Soon enough he arrives outside the boundaries of time’s false expectations, and there he knows that he can be a visitor no longer, at least not yet; his day for sitting still is yet to come. The two lovers’ shoulders grow cold to his touch. He reaches for their cane, but they yank the cane away from him, and by this signal gesture he understands that they desire him to leave.
He stands and bows, tips his hat in their direction, and next remembers that he wears no hat to tip. He feels his face flush red and warm with shame for all the poetry he’s written. All the scattered lines he’s traced in imitation of so many artful poses that he witnessed on one altar or another. Inside amphitheater classrooms dressed in tweed and dungaree. Between the leather covers of thick volumes he pretended hard to comprehend. Scribbled words on cotton, perfumed paper floating free above the weave of picnic blankets cradling wine and cheese and randy dreams of sexual intercourse.
“Your life,” he tells himself in a rare and honest moment, “this image you designed and named your life, is all about unrequited love in the form of a serial apology.”
“No matter this cynicism,” he answers his own voice. “All around me now, this very minute, side to side, behind and forward leading me to tap my soles along this worn-slate path; all around me grow my flowers.”
He next stops to watch a rosebud, and standing there he considers that while the rosebud springs unbidden from the ground, waiting for yet another self-proclaimed artist to compare her face to that of love, the metaphor is weak and just as limited as humanity’s vision of romance. “Trite, like you, and as shallow as your poems,” he whispers. “You are no more than a visitor to your self.”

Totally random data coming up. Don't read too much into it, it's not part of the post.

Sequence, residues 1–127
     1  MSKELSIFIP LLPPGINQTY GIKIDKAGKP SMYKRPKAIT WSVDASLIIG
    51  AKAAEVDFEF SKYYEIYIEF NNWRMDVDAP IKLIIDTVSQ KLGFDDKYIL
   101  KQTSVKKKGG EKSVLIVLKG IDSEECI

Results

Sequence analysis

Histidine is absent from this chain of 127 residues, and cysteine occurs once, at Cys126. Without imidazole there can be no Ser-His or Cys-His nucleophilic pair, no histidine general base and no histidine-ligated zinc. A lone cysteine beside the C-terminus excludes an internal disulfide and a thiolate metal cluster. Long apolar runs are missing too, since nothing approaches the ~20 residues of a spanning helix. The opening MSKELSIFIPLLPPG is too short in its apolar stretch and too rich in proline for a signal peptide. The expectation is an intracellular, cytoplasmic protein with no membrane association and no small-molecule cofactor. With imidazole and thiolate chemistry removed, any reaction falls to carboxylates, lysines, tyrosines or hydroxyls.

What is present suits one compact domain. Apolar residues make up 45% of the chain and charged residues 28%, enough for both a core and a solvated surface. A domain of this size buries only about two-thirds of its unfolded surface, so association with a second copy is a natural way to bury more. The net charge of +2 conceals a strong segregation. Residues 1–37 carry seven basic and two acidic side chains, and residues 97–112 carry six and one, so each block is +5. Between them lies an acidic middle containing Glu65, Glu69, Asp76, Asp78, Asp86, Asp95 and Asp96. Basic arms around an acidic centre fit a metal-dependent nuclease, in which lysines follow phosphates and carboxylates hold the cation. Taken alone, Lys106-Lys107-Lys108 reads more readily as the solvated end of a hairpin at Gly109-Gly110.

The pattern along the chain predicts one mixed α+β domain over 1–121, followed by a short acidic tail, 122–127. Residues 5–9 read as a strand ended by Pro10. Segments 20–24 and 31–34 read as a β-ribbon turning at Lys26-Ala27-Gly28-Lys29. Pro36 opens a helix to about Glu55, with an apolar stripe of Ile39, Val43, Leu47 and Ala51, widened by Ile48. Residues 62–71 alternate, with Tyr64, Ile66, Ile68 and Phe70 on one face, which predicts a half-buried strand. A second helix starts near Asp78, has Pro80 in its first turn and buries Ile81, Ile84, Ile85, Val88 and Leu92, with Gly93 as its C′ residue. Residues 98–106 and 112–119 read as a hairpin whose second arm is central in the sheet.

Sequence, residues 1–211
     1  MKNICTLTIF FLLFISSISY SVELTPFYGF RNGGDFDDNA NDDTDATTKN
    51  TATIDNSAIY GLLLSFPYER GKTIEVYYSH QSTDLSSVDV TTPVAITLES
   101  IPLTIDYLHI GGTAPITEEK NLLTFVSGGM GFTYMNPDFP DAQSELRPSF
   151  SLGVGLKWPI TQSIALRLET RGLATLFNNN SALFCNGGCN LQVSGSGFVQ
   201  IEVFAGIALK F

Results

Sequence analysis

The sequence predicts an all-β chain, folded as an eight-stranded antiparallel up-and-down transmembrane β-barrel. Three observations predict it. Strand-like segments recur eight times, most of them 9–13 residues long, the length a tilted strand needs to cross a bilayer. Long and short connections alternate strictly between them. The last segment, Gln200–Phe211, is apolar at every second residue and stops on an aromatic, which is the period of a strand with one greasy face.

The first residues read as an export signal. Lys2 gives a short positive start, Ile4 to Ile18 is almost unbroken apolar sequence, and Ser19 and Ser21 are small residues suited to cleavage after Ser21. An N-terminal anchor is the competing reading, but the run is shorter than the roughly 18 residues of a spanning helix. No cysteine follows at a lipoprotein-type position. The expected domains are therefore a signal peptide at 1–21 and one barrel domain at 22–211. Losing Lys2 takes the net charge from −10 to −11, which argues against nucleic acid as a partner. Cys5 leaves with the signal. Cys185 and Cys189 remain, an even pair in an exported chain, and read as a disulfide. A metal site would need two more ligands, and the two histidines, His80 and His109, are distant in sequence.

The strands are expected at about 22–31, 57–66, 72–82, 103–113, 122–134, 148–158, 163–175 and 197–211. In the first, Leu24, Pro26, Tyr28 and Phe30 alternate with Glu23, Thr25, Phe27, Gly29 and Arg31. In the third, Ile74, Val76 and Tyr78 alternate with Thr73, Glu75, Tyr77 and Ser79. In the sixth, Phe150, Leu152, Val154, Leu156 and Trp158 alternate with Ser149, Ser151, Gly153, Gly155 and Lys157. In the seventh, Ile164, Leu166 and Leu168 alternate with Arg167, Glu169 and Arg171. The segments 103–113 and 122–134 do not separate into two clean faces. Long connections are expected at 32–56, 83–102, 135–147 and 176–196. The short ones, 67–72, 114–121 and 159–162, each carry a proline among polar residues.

He shivers in spite of the brilliant sunlight that bathes his arms and legs and back, because although somewhere deep inside he wants to realize, with the full and undeniable force of utter candor, that as death approaches so wing away his affectations, yet he feels afraid of death. With a flicker of the edge of hope inside his eyes, he notices that the rosebud leans toward the earth whence she came, and he walks on farther down the played-out path.
He picks a poppy from her stem and nibbles gently on her petals. “As I eat this fruit, I beg to save my soul,” he says; and then he tries to laugh away the bitterness he feels inside. “Your visit to this park has failed to change you. Your flowers are a sibling to your poetry; by way of both you mean to wear a mask. What soul? And who is there to beg? A priest? Yes, that’s it, you try too much to sound like a priest.
“Can’t you hear your own voice? You speak to dead people who sit still on a wooden bench within the confines of a garden hideaway that shelters you from the town which surrounds it. You talk to flowers and expect that they will answer you. You tip a hat that you imagine wearing; presume to separate yourself from youthful, amphitheater posturing; almost convince yourself that sexual intercourse never satisfied your urge to be the animal you are; and yet you cower from the angry heat that courses through your veins.
“What need exists, other than to live a lie, for this serial apology you claim as ode?
“If you want to become a poet, then throw away your pen and smell your neighbor’s breath.”